Wright State students participate in statewide leadership academy

Wright State seniors Marwah Almuzoughi, left, and Amana Koeller were selected to participate in the NEW Leadership program, a nonpartisan leadership academy for college students who want to become more involved in politics and to address women’s underrepresentation in politics and government.

Wright State University students Marwah Almuzoughi and Amana Koeller got a taste for what a life in public service might look like through the NEW Leadership program at The Ohio State University in May.

Sponsored by the John Glenn College of Public Affairs, the five-day, nonpartisan leadership academy is designed for college students who want to become more involved in politics and to address women’s underrepresentation in politics and government.

Almuzoughi and Koeller joined students from 13 Ohio colleges and universities who were recognized by faculty and peers as emerging leaders who engage in their campus and local communities to make a difference.

“I am thrilled that they have this special opportunity to dedicate time and energy to hone their individual communication and leadership styles but also to meet leading women in public service across the state and get to know other outstanding women leaders in our universities,” said Laura Luehrmann, Ph.D., professor of political science and chair of the School of Social Sciences and International Studies at Wright State. “This is a fantastic program, and we look forward to nominating other Wright State student leaders to participate in the future.”

During the NEW Leadership academy, Koeller teamed with a group of her peers on a project to consider solutions to protect evicted tenants in Columbus. The group’s goal, she said, was to create a plan establishing a city ordinance guaranteeing tenants access to counsel during eviction appeals cases in court.

Almuzoughi’s group focused on promoting more accessible voting for students.

“It was really inspiring to meet so many successful women and hear their stories of how they got where they were today,” said Koeller. “Further, it was an opportunity to network with so many people and get direct and personal advice from these role models.”

Born in Tripoli, Libya, where she lived until she was 13, Almuzoughi moved to Fairborn after her dad was accepted into a Ph.D. program at Wright State.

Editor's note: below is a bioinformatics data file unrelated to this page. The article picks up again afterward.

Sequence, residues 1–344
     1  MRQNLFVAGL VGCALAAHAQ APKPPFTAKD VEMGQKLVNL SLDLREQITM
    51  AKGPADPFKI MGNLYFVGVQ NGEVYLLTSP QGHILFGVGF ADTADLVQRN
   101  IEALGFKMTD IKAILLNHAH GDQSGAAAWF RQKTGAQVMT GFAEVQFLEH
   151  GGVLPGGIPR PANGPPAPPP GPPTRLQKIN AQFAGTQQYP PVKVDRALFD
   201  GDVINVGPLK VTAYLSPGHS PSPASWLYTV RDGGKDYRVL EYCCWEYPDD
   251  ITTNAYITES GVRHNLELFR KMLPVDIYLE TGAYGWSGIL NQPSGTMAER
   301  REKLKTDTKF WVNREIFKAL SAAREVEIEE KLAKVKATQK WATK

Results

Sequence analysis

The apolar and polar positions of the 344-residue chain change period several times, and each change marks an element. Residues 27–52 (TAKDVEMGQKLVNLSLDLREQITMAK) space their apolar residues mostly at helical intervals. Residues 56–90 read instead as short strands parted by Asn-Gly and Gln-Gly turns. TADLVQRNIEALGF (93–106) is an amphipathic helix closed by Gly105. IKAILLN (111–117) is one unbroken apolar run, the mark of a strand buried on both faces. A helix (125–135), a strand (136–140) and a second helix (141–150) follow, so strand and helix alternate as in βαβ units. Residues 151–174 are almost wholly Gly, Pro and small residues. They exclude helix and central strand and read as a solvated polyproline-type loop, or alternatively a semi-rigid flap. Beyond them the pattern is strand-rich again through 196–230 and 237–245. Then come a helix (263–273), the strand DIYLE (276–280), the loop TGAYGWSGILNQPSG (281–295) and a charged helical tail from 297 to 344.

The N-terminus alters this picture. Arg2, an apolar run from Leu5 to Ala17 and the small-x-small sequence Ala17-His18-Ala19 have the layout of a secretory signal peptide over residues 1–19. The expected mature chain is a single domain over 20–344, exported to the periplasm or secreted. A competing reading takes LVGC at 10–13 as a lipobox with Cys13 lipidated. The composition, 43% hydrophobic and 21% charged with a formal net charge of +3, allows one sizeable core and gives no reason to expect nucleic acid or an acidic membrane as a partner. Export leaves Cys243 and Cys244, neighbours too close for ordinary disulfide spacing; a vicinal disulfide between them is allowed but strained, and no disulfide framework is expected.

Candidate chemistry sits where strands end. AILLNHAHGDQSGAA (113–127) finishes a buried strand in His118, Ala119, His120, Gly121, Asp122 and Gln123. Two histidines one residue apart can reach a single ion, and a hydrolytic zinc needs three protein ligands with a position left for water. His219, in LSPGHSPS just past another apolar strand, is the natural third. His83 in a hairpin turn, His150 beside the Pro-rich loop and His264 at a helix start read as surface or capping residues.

Almuzoughi, a senior majoring in international studies with a concentration in international diplomacy, peace studies and political science, expects to graduate next spring. She plans to attend law school while continuing her career in advocacy, working with nonprofits and in the public sector.

“My passion for understanding politics and conflict stems from my experience growing up in a turbulent environment,” she said. “I believe it is up to us to make the world a better place, not wait for others to do it.”

Almuzoughi holds several leadership positions at Wright State including student body president for the 2024–25 academic year, president of the Muslim Students’ Association, and serving on the Provost’s Student Leadership Council and as an orientation ambassador and First Weekend leader.

She also participated in Wright State’s award-winning Model United Nations program for the past three years, is a member of the African Student Union, and is working with the Dayton Peace Museum to develop a youth program to promote peace locally.

“I have truly enjoyed my experience at Wright State University and consider it my new home,” said Almuzoughi. “I found a supportive community here and grew in many ways.”

She credits faculty in the College of Liberal Arts, especially Luehrmann, Liam Anderson, Ph.D., professor of political science, and Vaughn Shannon, Ph.D., professor of political science, for helping her grow as a student and leader.

“Their support and encouragement, particularly through the Model U.N. program, helped me become more confident and a stronger leader,” Almuzoughi said.

Koeller, who graduated from Wapakoneta High School and the Apollo Career Center, where she obtained a nail technician and esthetic license, in 2022, is a senior majoring in political science, with a Spanish minor.

“I’ve always had a passion for politics and serving my communities, as well as a keen interest in Spanish language and culture,” said Koeller.

She has participated in the Model U.N. program and the Progressive Student’s Coalition and this fall will become a member of the Residential Community Association as the national communications coordinator.

Koeller’s career path, however, was not so clearly defined when she enrolled at Wright State, where she originally intended to major in education. Changing majors to political science was a bold, calculated move on her behalf.

“Ultimately, I told myself that if I was going to change majors to something with a less defined end goal, then I needed to succeed no matter what to get the career that I truly wanted,” she said.

Comments are closed.